Understanding the RTA’s tax revenue

The Regional Transportation Authority projects are each at least partially funded by a transaction privilege tax, or sales tax, that voters approved for this purpose. The 0.5% tax is collected throughout Pima County on items subject to the tax. These categories include:

  • Mining
  • Utilities
  • Communications
  • Restaurants and bars
  • Amusements
  • Commercial leases
  • Personal property rental (such as car leases)
  • Prime contracting activities (taxes on goods used for construction)
  • Retail sales
  • Transient lodging (hotels and other short-term rentals)
  • MRRA: Marketplace facilitated or remote retail sales (online shopping)

In the 15 years of the RTA tax revenue collection, retail, restaurants and bars, utilities and contracting have typically provided the largest share of the funds collected. Retail sales tax collections alone consistently make up more than half of the RTA’s annual revenue.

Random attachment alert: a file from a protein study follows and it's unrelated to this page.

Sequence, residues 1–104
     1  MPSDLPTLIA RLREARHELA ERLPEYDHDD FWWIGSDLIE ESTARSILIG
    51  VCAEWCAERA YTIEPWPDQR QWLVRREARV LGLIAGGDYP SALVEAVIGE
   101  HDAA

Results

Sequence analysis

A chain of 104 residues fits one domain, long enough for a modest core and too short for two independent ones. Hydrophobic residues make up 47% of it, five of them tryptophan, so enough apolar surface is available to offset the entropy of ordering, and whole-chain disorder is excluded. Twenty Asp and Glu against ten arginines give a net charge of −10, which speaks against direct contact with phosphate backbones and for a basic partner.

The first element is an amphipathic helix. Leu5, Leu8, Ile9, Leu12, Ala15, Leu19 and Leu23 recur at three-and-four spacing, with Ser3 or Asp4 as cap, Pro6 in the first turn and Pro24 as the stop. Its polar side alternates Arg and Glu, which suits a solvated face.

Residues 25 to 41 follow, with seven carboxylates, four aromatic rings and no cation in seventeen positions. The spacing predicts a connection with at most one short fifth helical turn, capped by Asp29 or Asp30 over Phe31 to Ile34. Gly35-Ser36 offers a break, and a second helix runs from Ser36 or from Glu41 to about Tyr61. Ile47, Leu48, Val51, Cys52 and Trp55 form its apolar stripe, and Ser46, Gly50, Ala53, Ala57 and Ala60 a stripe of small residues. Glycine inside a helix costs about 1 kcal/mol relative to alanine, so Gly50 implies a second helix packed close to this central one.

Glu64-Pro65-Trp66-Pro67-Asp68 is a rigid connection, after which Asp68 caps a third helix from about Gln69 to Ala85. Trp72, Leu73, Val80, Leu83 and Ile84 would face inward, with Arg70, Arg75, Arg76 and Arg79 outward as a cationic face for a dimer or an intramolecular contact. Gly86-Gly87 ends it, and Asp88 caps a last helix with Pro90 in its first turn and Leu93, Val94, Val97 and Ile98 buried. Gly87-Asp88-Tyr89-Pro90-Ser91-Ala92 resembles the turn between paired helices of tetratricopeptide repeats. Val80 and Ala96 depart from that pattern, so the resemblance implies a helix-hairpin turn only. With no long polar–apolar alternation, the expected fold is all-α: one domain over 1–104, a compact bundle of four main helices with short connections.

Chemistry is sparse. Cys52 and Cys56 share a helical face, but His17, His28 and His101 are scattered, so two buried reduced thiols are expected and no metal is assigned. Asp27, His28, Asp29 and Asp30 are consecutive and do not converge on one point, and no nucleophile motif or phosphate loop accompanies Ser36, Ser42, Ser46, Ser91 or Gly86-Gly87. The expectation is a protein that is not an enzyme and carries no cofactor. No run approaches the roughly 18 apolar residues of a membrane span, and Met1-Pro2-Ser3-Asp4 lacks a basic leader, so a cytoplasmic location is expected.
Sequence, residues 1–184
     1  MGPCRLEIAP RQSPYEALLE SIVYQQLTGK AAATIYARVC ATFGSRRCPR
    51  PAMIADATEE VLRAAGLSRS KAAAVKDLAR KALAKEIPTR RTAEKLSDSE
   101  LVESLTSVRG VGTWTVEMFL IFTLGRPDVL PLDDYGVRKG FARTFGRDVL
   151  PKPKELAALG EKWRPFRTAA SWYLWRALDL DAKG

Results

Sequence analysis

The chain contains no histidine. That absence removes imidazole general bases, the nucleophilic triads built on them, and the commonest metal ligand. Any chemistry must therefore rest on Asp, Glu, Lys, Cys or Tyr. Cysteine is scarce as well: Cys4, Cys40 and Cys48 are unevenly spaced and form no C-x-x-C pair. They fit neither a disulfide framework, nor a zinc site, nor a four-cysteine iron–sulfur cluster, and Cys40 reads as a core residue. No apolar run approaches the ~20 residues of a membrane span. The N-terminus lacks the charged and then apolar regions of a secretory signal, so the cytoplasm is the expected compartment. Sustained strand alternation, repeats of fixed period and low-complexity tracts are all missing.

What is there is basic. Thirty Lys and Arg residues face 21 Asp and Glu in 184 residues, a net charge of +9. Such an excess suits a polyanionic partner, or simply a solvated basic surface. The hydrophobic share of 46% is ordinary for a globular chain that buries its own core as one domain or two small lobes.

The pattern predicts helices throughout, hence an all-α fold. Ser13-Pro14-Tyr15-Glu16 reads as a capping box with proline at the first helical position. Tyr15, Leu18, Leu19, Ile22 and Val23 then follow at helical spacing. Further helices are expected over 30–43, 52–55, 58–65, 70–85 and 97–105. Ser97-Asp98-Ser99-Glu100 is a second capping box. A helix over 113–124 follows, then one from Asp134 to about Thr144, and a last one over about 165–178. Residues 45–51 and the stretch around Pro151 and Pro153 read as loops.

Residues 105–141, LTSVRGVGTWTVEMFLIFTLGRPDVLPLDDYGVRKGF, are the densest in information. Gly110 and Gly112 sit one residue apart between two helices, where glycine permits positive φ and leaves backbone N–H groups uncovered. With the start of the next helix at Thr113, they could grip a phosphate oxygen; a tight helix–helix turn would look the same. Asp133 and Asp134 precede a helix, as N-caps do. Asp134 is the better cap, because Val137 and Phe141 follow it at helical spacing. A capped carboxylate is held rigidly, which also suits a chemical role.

The state collects the taxes from businesses, and then distributes it to taxing entities such as the RTA. Typically, the RTA receives its tax revenue two months after a person pays that tax at the point of purchase.

The RTA uses projected tax collection estimates to anticipate how much funding it will have available each year, and sets a budget for expenditures based on the voter-approved project schedule of projects. It sets money aside for the planned upcoming projects, but it has some leeway in when it uses the funding, depending on when the projects are ready for construction, for example.